I like the article because it parallels some of my own experiences in running. She writes about minor running successes she experienced, such as placing in her age group at local 5K's, and of her desire to improve on these successes. She trained for her first marathon with the goal of qualifying for Boston.
So far, I'm right there with her. I've won my age group a few times, and I've even won a few races. In my 6th marathon, I actually did qualify for Boston.
Before she was able to run that marathon, though, she injured herself and had to drop out. She didn't want to give up running, though, so she continued to register for races, and went from racing them to just running them. She drank beer during some races, talked with fellow runners, and didn't worry about the numbers displayed on her Garmin.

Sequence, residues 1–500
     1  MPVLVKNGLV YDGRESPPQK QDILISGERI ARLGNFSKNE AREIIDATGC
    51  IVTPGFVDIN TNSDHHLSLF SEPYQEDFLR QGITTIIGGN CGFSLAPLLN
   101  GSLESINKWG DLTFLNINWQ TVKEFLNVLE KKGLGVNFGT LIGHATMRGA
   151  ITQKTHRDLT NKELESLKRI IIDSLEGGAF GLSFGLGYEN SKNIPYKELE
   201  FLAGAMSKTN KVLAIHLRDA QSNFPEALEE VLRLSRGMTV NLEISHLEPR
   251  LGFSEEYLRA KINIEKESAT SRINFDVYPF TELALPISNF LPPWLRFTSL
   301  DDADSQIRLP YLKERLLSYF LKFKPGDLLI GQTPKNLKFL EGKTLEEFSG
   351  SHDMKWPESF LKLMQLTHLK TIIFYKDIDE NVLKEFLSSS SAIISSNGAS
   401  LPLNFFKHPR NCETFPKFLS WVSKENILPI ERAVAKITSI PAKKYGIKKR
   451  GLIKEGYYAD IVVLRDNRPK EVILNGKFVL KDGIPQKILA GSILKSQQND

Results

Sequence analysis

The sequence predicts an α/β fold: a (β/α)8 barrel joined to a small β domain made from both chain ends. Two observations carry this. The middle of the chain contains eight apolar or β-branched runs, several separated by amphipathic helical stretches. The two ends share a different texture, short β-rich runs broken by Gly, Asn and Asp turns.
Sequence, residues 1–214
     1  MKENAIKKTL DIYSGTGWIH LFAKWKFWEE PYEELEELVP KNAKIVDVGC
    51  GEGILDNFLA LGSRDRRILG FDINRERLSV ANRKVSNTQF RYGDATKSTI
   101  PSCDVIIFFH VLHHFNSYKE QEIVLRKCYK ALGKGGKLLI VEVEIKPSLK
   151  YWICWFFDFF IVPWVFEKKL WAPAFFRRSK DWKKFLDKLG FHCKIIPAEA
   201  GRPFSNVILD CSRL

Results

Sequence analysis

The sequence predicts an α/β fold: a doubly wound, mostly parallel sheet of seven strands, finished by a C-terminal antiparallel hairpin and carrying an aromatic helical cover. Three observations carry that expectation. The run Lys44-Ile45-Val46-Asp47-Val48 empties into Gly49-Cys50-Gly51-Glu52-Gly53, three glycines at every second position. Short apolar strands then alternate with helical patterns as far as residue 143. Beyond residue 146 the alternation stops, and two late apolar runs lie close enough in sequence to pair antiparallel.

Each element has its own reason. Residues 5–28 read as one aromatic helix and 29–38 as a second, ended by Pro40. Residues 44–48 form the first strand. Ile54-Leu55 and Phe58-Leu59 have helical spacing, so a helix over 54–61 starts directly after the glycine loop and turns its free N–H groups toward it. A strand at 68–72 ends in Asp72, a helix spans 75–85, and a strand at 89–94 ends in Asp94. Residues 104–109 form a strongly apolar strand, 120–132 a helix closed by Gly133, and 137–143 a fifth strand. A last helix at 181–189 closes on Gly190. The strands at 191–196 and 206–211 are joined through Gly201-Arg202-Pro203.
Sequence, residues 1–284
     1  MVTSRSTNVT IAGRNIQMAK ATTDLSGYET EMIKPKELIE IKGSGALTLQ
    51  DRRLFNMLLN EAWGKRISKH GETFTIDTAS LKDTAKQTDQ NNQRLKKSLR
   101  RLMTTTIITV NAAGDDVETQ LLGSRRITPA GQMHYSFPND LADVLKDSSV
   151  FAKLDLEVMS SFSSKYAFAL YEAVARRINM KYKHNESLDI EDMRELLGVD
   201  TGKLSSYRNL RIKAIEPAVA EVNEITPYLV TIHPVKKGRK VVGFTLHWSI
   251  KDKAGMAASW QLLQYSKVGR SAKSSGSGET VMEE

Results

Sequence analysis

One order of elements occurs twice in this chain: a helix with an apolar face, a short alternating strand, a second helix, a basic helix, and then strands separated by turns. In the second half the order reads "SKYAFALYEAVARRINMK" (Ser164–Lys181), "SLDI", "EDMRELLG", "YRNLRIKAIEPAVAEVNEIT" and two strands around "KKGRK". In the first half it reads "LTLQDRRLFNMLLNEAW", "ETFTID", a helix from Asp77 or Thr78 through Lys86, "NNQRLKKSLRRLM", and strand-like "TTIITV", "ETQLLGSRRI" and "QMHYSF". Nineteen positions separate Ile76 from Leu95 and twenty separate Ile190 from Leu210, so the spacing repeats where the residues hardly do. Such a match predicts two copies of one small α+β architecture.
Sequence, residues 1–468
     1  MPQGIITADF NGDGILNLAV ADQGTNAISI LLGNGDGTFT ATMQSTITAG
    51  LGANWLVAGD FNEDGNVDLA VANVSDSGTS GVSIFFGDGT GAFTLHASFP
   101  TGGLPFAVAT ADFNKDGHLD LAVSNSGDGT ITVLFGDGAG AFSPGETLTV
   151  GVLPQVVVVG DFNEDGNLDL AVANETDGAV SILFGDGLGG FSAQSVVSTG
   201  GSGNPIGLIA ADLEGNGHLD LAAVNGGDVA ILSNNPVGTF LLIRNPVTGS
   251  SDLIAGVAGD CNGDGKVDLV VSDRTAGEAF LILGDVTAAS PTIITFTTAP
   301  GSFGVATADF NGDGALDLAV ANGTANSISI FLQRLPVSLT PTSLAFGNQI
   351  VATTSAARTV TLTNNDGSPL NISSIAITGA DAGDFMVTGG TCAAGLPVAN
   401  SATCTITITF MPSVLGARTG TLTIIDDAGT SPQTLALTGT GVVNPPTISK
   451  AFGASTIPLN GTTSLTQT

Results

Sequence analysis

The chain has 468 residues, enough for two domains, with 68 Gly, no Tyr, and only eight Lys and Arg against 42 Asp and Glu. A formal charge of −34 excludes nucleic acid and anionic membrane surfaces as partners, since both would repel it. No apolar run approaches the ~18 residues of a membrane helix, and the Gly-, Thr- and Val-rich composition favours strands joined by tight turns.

This is where we part ways. I get the notion of not stressing about times and slowing down to enjoy the whole race atmosphere. I do get it. I'm just not at that point myself. As long as I'm still injury free, I'll worry about savoring the race atmosphere until after the race is over and I'm passed out on the ground. During the race, however, I still want to push my body to its limits. I want to see how fast I can really go. I want to see what I'm made of.
Don't we all?
My only issue with the article is that it was clearly her injury that inspired her to slow down and appreciate running for the sake of running, not a speedy heifer on the side of a race course. The title of the article, then, is just a shrewd attempt to lure wayward internet surfers into the article, which is fair enough, but strikes me as poor writing when it has nothing to do with the rest of the article.